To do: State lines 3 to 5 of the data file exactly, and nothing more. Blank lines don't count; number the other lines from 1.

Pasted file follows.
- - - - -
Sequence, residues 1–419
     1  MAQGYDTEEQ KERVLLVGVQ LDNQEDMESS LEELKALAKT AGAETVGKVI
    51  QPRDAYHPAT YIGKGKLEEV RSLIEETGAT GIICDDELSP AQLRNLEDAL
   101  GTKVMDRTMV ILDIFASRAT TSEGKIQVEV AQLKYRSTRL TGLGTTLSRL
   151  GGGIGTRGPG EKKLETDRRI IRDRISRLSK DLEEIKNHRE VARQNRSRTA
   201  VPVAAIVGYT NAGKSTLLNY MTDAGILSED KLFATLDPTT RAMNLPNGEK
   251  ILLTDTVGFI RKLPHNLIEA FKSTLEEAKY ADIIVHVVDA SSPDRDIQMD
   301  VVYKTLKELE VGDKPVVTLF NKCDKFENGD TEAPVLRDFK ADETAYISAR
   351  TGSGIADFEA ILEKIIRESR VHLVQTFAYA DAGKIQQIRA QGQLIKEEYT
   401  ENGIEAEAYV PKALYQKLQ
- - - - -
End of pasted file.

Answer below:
    51  QPRDAYHPAT YIGKGKLEEV RSLIEETGAT GIICDDELSP AQLRNLEDAL
   101  GTKVMDRTMV ILDIFASRAT TSEGKIQVEV AQLKYRSTRL TGLGTTLSRL
   151  GGGIGTRGPG EKKLETDRRI IRDRISRLSK DLEEIKNHRE VARQNRSRTA